Our approach to write and retrieve the optical data pulses as acoustic phonons is schematically shown in Fig. 1a, b. A strong optical write pulse ω write, offset by the acoustic resonance frequency of the optical waveguide material, propagates counter to the optical data pulse ω data. When the two pulses encounter each other, the beat pattern between the two compresses the material periodically through a process known as electrostriction, exciting resonantly and locally a coherent acoustic phonon Ω = ω data − ω write. The required power depends on the local Brillouin gain, which is orders of magnitude higher in chalcogenide As2S3 rib waveguides than, for example, in standard silica fibre. The optical and the acoustic modes are guided in the rib waveguide structure by the refractive index contrast and the acoustic impedance between the chalcogenide glass and the silica surrounding, respectively29. Once transferred to the acoustic wave the information on the optical data pulses can be retrieved after a storage time of several nanoseconds, corresponding to several tens of data pulse widths. The process is shown in Fig. 1b). A strong read pulse is coupled into the waveguide and retrieves the optical information by depleting the acoustic wave, the inverse process of the writing step. The setup for the photonic buffer is schematically shown in Fig. 1c) (a detailed description of the setup can be found in the ‘Methods’ section and in Supplementary Fig. 1).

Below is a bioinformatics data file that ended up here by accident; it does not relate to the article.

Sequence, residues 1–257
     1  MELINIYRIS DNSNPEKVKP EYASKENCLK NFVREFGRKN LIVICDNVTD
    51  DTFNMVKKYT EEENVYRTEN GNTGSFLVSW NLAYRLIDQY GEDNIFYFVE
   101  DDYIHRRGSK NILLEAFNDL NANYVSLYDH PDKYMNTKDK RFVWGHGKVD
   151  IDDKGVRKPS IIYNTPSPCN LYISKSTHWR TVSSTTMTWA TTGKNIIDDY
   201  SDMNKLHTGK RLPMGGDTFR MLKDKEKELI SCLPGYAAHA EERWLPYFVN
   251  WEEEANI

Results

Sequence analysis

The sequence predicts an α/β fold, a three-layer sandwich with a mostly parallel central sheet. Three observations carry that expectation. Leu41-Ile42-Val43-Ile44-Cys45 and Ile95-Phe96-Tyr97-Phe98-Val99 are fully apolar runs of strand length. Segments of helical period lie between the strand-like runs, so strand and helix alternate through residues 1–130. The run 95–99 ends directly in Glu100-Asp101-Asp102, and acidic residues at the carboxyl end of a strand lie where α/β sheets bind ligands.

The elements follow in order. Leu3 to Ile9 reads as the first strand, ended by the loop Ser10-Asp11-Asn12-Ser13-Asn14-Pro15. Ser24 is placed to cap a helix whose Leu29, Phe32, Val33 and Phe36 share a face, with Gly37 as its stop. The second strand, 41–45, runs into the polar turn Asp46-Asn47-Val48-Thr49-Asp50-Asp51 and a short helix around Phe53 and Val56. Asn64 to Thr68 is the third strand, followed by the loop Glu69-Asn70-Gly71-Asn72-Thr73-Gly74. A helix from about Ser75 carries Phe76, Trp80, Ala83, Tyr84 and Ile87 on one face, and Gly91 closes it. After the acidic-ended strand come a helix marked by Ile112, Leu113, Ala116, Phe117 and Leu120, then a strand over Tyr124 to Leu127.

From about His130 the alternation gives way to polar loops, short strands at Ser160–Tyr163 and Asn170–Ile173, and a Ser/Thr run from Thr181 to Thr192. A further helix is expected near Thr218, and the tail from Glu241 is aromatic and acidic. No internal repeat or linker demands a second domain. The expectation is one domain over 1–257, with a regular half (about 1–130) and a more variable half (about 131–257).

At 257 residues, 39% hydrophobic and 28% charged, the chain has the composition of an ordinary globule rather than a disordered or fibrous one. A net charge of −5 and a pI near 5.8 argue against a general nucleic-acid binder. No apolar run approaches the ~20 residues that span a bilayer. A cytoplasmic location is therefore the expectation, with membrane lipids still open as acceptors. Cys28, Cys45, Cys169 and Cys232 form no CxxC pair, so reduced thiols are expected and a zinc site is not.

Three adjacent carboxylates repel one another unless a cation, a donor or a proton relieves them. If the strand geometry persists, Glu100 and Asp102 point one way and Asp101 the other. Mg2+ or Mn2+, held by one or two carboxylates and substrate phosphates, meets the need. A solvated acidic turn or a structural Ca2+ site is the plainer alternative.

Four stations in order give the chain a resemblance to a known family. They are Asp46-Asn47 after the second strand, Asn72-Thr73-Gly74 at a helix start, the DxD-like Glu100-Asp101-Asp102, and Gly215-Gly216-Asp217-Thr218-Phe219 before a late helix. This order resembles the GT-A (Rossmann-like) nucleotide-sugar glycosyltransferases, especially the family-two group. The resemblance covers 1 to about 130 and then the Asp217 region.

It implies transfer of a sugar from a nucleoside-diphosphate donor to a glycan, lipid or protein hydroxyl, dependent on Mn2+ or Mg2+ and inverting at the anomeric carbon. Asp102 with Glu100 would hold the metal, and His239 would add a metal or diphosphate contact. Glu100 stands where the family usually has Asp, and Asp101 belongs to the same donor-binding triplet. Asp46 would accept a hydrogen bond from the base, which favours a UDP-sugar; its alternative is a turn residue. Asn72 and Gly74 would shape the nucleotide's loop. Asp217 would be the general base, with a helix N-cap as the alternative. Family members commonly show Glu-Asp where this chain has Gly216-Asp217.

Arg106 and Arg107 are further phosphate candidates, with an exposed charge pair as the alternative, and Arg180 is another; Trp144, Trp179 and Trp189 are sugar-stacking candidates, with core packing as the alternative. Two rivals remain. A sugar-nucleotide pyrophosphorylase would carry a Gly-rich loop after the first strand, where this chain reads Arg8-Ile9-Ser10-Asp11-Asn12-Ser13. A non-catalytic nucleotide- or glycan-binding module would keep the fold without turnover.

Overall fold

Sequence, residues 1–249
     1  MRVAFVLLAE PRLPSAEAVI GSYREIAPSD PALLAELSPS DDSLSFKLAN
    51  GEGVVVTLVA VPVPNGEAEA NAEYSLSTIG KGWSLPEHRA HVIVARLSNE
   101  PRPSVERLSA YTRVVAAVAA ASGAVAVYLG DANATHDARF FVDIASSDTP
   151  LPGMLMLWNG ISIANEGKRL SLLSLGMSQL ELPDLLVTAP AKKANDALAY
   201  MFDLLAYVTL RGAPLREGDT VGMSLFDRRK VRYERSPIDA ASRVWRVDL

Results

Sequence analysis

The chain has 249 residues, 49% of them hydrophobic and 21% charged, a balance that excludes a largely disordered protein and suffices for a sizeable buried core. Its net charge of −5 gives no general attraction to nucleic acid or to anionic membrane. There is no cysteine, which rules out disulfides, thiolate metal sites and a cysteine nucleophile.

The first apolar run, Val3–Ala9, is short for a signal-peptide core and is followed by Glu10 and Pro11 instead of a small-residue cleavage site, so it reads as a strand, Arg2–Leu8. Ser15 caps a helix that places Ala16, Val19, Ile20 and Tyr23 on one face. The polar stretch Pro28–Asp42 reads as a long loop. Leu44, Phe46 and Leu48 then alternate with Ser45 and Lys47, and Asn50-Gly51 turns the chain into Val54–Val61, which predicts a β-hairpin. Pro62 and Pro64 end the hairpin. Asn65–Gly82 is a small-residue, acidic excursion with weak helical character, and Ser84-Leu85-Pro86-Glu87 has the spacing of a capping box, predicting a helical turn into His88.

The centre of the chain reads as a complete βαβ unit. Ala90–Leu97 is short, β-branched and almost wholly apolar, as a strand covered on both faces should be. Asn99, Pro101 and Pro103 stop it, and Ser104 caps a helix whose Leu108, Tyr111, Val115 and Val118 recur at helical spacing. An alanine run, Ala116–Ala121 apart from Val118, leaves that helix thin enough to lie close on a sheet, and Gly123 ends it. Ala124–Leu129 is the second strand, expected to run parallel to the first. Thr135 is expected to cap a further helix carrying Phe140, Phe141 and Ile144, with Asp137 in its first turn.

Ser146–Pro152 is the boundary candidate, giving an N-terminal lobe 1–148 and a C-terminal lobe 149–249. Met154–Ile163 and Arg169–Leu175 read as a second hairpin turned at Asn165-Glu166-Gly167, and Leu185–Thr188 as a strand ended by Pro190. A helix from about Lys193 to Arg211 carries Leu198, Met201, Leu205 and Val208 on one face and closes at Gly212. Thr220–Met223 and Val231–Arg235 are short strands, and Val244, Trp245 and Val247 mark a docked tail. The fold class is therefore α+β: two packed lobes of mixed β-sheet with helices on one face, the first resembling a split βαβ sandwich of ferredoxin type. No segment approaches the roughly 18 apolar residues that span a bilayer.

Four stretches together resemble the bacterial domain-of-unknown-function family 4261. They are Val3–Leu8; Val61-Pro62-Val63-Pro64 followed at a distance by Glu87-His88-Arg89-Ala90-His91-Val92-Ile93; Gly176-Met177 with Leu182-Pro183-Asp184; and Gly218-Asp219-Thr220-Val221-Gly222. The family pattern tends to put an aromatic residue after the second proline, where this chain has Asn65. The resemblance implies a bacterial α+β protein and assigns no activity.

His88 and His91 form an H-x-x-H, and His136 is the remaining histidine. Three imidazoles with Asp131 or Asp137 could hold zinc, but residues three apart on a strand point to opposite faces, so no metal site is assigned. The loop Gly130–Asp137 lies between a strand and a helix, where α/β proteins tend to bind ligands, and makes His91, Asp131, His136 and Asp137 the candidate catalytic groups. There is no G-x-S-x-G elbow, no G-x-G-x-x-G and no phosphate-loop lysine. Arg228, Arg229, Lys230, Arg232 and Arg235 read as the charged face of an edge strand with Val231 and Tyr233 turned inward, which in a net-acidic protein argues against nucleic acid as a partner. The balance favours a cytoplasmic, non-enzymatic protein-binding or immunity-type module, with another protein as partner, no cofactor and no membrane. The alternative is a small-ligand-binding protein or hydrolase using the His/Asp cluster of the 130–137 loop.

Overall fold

As a storage medium we use a small footprint spiral waveguide made from the chalcogenide glass As2S3 comprising a rib waveguide structure with a cross-section of 2.2 μm by 800 nm. A photo of the chip is depicted in the inset of Fig. 1c) next to an Australian 50-cent coin. Every chip consists of spirals with several lengths ranging from around 9 to 24 cm. The spiral waveguides are grouped in quintets with a footprint per group of 20 × 0.7 mm. Longer waveguides are available by repeating the same spirals on one chip during the fabrication, leading to waveguides with up to 46 cm length. For details on the fabrication methods of the chip we refer to ref. 30. Lensed fibre-tips are used to couple light in and out of the waveguides. The chalcogenide glass is sandwiched between the silica substrate and the silica over-cladding. This not only provides guidance of the optical mode due to a contrast in the refractive index but provides also an acoustic impedance mismatch between the soft chalcogenide glass (v sound = 2500 m/s) and the stiff silica (v sound = 5996 m/s). Both the optical and the acoustic waves are guided in the chalcogenide glass, which provides a large opto-acoustic overlap. Ultra-high Brillouin gain of up to 50 dB amplification of a small continuous wave (CW) seed for a moderate CW pump power of 300 mW was achieved.
Tunability of the storage time
The experimental realisations of an all-integrated multi-wavelength coherent photonic-phononic buffer is shown in Figs. 2, 3 and 4. Figure 2a shows the depletion of the optical data pulse with increasing counter-propagating write pulse power (storing process). For this experiment the storage medium is a 46 cm long spiral waveguide. Due to the ultra-strong Brillouin gain in chalcogenide waveguides, the depletion reaches over 90% with 20-fold lower write pulse peak power than in highly nonlinear fibre approaches22 for similar pulse conditions. The peak power levels of the interacting optical pulses presented in this article vary from 10 to 50 mW for the data pulses and 3 to 10 W for the write and read pulses depending on the overall gain of the individual waveguides.